Athletic department speaks out about EEE

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Athletic department speaks out about EEE

This past Wednesday, the East Middlesex Mosquito Control Project issued for an EEE pesticide application taking place at the high school. This way, the school is hoping to prevent the risks while athletes have practices on the grass fields.

This past Wednesday, the East Middlesex Mosquito Control Project issued for an EEE pesticide application taking place at the high school. This way, the school is hoping to prevent the risks while athletes have practices on the grass fields. "There is a risk - and it's a minimal risk - that you're going to get a bite by a mosquito that is infected with EEE. In Wayland, we haven’t had mosquitoes that are testing positive [for EEE], but mosquitoes don’t follow the borderline between towns, and it's not worth the risk," WHS nurse Amy Schoeff said.

Credit: Ellie Tyska

This past Wednesday, the East Middlesex Mosquito Control Project issued for an EEE pesticide application taking place at the high school. This way, the school is hoping to prevent the risks while athletes have practices on the grass fields. "There is a risk - and it's a minimal risk - that you're going to get a bite by a mosquito that is infected with EEE. In Wayland, we haven’t had mosquitoes that are testing positive [for EEE], but mosquitoes don’t follow the borderline between towns, and it's not worth the risk," WHS nurse Amy Schoeff said.

Credit: Ellie Tyska

Credit: Ellie Tyska

This past Wednesday, the East Middlesex Mosquito Control Project issued for an EEE pesticide application taking place at the high school. This way, the school is hoping to prevent the risks while athletes have practices on the grass fields. "There is a risk - and it's a minimal risk - that you're going to get a bite by a mosquito that is infected with EEE. In Wayland, we haven’t had mosquitoes that are testing positive [for EEE], but mosquitoes don’t follow the borderline between towns, and it's not worth the risk," WHS nurse Amy Schoeff said.

Ellie Tyska and Hailey Robinson

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While most of the Wayland population is very aware of the threat of Eastern Equine Encephalitis (EEE) virus in town, the Wayland athletic programs have been taking extra precautions to ensure the safety of their players.

“I think it really started back in June. We started to be aware of the increase in numbers [of EEE] around the state and how it was moving this way,” WHS Athletic Director Heath Rollins said. “I think we started with our coaches and [had] them meet in August to talk about the assumption of the virus spreading our way and how it would’ve probably have an impact on our times that we practice throughout the year.”

Because the evening is the prime time of the day for mosquitoes to come out, scheduling changes for practices and games have been implemented in order to prevent the risk of any bites.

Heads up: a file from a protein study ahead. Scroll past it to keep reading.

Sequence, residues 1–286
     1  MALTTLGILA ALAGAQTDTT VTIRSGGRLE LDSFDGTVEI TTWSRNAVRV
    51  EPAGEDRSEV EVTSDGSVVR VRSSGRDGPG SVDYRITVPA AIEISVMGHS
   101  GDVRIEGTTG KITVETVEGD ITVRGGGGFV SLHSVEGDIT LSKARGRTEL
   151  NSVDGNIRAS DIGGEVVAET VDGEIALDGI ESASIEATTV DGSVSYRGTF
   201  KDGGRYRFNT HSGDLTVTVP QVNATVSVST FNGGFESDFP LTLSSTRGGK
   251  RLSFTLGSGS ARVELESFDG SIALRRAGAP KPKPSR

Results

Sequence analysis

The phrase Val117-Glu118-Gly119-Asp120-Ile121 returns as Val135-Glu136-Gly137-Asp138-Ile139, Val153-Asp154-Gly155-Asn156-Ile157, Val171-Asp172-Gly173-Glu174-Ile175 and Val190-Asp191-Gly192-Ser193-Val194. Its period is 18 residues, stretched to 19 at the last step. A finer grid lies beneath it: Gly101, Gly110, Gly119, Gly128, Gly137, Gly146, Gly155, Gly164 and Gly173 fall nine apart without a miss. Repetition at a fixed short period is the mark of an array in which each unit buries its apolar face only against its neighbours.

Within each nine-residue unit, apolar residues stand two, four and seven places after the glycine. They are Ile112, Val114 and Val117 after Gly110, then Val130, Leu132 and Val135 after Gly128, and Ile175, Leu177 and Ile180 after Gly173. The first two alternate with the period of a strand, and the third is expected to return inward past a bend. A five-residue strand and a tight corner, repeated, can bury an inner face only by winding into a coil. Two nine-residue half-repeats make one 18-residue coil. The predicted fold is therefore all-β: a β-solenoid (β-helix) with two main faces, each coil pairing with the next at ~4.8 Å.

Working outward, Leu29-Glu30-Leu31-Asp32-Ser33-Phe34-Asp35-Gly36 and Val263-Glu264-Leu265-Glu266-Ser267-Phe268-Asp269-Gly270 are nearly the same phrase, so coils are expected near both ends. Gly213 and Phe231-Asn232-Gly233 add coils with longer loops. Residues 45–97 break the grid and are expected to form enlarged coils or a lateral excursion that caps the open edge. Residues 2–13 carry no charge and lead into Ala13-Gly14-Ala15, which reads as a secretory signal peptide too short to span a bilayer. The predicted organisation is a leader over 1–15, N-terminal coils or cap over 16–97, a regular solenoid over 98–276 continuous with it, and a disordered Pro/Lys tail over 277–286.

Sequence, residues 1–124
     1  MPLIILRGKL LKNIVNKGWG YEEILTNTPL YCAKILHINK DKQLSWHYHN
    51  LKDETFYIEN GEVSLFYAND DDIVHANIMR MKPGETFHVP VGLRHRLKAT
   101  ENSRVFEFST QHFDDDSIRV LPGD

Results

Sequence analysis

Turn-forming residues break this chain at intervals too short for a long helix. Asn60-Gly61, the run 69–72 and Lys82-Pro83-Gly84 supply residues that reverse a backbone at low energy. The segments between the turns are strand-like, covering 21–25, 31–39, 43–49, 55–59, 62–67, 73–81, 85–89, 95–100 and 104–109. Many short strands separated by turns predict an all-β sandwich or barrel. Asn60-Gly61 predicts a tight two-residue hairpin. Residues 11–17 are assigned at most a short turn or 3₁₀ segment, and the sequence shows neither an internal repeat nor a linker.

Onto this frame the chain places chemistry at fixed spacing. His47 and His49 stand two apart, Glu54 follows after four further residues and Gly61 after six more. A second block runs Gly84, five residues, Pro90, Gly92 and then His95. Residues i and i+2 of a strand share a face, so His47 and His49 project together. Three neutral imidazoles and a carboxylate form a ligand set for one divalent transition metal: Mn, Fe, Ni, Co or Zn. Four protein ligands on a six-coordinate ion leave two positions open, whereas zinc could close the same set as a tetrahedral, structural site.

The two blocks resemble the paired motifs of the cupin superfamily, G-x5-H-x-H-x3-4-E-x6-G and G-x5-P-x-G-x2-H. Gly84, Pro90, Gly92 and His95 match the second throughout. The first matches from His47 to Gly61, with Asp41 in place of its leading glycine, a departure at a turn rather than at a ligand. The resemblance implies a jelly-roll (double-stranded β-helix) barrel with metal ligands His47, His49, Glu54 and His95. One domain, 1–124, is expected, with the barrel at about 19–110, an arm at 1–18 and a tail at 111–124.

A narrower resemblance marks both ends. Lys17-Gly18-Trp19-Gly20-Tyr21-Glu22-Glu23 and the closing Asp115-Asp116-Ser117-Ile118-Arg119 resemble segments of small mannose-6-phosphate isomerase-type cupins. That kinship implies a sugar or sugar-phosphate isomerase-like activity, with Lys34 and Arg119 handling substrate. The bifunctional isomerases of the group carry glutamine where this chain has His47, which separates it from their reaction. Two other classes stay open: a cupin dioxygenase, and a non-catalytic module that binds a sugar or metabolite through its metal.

“I haven’t been going outside at night and [tried] to stay inside,” senior varsity football player Philip Koechling said. “I’ve also been wearing a lot of bug spray to keep the mosquitoes off of me.”

In addition to the time changes that have been made with the EEE virus, the limited amount of fields open due to renovations and the new bell times the school implemented this year have made it even more difficult for the athletics department to keep a tight and organized schedule.

“[The EEE risk] has limited the times that people can be outside,” WHS nurse Amy Schoeff said. “That in combination with the fewer fields that we’ve got, the schedule is very minimal, and we’re having to find alternative places to go, but the problem is the other towns are also limiting the time of day that sports can be. There’s nothing after 6 p.m.. That’s a problem [for Wayland athletics].”

Because protecting the students is always the number one priority, the necessary changes have impacted many of the members of the athletic program, especially the players.

“Our games are earlier now so [last] Friday, our game in Lincoln-Sudbury [was] at 4:30 p.m. instead of at 6 p.m., so it’s kind of an afternoon game,” Koechling said. “We had to rush from the high school to get to the game on time. We even got out early to get to the game on time.”

Not only is the athletics department struggling with the virus, but as a result of the required practice times, communication has been vital for all of the local towns in terms of scheduling games.

“It’s a lot of communication with the state, the Board of Health, and, for our opponents, at times, to make sure that we’re putting our kids at away games in a safe location,” Rollins said.

With fall right around the corner, the colder temperatures will come along with it. Although many may miss the warm weather with temperatures dropping, the mosquito population will as well.

“Officially, it’s the first hard frost that kills the mosquitoes, and that could be the end of November [or] early December, but the risk goes down with cooler weather,” Schoeff said. “Mosquitoes don’t fly as much when the [temperature] goes down. Typically, I think it’s the end of September when we can start to feel a little bit better [and] a little less concerned about getting bit.”

Until the frosts, EEE will always be a risk, so it’s important to be aware and take precautions when necessary.

“[EEE] can be fatal, and those that survive will likely have different levels of brain damage,” Schoeff said. “You don’t want it. It’s not worth it.”

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